Copywriters usually offer a b2b service. Since that ideal ‘customer’ is actually another business, your profile should be built around your perfect imaginary business client.

There’s no special formula to writing your ideal customer profile, but here are some questions you can ask yourself to get started.

  1. Describe what you are selling as though to a child.
  2. Do you have any USPs?
  3. Who might benefit from your particular skills? Think about businesses in a certain industry you might have expertise in, your local area, or perhaps even certain members of the public such as educational providers, academics or students.
  4. Can you define a single ideal client? Do you have any conflictions between businesses? If so, write up the pros and cons of each and think about which business would benefit you most. Narrow down your profile to suit them.
  5. What are the benefits for them of using your product?
  6. What do they sell?
  7. Is their product considered a luxury or a necessity?
  8. If a luxury, how would you encourage their potential customers to part with their money? If a necessity, how can you make their product exciting, new and tempting?
  9. Does this business overlap a couple of industries – could it lead to more contacts?
  10. What scale is this business? How many people do they employ? Do they make a modest or a healthy profit?
  11. Does this business need you? Or do they likely already have a marketing department or not realistically have a budget to accommodate hiring a copywriter? How could you tailor your services to their needs and budget?
  12. What are their potential content needs?
  13. What problems does this business face now and in the future? Consider issues such as the economy, skills shortages, changes to the law, environmental pressures, an aging customer base.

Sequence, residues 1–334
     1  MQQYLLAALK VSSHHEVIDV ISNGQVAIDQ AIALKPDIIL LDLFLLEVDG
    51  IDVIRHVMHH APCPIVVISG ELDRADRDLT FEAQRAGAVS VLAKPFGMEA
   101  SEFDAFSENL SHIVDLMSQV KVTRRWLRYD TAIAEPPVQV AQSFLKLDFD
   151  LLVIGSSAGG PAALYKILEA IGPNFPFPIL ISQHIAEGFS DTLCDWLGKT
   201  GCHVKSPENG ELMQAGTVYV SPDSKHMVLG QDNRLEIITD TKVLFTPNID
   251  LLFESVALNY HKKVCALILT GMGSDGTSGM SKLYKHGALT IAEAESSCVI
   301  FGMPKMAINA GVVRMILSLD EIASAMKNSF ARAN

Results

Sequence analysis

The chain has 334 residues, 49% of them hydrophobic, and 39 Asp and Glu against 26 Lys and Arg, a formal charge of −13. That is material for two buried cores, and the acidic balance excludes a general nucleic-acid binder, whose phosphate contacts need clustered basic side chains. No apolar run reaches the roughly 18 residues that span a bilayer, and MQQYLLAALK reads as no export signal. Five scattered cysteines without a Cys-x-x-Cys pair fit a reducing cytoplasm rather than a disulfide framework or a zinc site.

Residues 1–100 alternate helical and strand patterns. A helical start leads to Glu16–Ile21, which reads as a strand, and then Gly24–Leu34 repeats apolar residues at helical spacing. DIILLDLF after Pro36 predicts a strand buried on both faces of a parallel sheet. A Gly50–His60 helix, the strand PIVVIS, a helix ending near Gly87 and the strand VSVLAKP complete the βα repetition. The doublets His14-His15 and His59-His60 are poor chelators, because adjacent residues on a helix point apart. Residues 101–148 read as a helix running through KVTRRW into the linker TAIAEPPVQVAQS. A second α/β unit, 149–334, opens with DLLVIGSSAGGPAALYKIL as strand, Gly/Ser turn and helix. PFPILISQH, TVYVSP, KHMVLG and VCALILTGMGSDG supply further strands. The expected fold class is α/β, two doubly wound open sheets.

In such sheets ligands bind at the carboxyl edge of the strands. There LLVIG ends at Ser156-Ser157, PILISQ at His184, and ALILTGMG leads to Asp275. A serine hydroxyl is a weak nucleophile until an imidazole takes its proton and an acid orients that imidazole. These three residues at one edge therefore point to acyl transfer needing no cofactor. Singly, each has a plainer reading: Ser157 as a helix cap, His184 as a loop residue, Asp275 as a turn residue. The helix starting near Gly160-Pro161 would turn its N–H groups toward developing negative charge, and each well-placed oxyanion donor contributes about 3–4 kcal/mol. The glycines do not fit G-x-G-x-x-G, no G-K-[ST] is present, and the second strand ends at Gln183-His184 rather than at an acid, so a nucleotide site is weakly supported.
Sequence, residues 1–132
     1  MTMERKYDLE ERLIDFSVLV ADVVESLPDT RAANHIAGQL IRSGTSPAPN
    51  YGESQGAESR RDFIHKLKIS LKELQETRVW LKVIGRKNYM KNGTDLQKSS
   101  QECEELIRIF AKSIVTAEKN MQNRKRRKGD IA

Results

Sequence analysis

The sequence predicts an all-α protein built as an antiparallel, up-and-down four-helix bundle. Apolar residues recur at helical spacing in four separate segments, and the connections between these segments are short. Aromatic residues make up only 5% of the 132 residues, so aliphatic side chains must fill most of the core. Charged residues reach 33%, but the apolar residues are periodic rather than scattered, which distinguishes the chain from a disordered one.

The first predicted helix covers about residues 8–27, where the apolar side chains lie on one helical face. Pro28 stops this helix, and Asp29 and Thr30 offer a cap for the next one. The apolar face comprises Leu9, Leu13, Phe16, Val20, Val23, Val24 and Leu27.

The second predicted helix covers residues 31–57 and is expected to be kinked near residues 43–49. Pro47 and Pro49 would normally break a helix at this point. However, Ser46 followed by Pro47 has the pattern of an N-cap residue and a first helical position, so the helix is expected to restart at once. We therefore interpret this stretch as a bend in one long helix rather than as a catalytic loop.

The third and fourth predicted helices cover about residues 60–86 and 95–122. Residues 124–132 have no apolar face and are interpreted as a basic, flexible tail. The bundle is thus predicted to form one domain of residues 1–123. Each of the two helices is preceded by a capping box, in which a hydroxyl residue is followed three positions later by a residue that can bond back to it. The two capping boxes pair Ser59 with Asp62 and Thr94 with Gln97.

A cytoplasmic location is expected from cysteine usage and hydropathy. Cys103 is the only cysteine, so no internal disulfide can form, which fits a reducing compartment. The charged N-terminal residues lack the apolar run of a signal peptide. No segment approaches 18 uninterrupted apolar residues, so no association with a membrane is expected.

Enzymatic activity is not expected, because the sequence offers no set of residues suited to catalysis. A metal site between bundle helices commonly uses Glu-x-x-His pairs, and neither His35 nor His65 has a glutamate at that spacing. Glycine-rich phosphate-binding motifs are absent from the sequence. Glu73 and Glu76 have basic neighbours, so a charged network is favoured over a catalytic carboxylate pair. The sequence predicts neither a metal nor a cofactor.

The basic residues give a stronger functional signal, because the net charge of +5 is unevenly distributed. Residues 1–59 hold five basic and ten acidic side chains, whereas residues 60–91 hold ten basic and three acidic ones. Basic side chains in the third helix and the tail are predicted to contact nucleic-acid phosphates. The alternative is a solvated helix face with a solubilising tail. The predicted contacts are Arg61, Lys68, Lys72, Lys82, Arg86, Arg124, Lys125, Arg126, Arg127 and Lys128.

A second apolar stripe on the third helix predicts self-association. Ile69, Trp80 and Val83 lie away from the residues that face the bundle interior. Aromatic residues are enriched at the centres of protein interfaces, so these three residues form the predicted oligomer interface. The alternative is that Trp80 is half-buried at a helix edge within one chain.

14. How can your skills help them overcome these problems?
  15. What are the benefits for you of working with this business?
  16. Where are they located (what area of the country and are the in the town centre or on the outskirts)?
  17. Describe that business’ ideal customer (remember, your income depends on appealing to their customers’ needs). Are they male/female, what is their age, why do they use this product, where do they live, what is their income?
  18. Think of people you know that might buy from this business.
  19. How long has this company been in business? Are they new and fresh or do they have heritage you can play on?
  20. Are they selling a contemporary service which appeals to a younger audience or a traditional product with an older demographic?
  21. How do they promote themselves and communicate with their customers?
  22. What kind of language do they use?
  23. What are the business’ values? Is it being cutting edge, is it providing a service no one else can, is it providing quality for money?
  24. Can your content help them reach new audiences?
  25. Is there an angle to this business that interests you? Such as its ethical policy, its affiliations, its work in the community. These all make great narratives for copy and press releases.

There are plenty more questions you can ask yourself, and if you wish you can begin another thread relating directly to that business’ customers.

However, you don’t want to get in too deep, but the more you begin to narrow down your ideal customer, the closer you will be to spotting the companies that could use your skills. Once you can show you are close in tone of voice and ideals, you will be in a firm position when you begin approaching these businesses for work.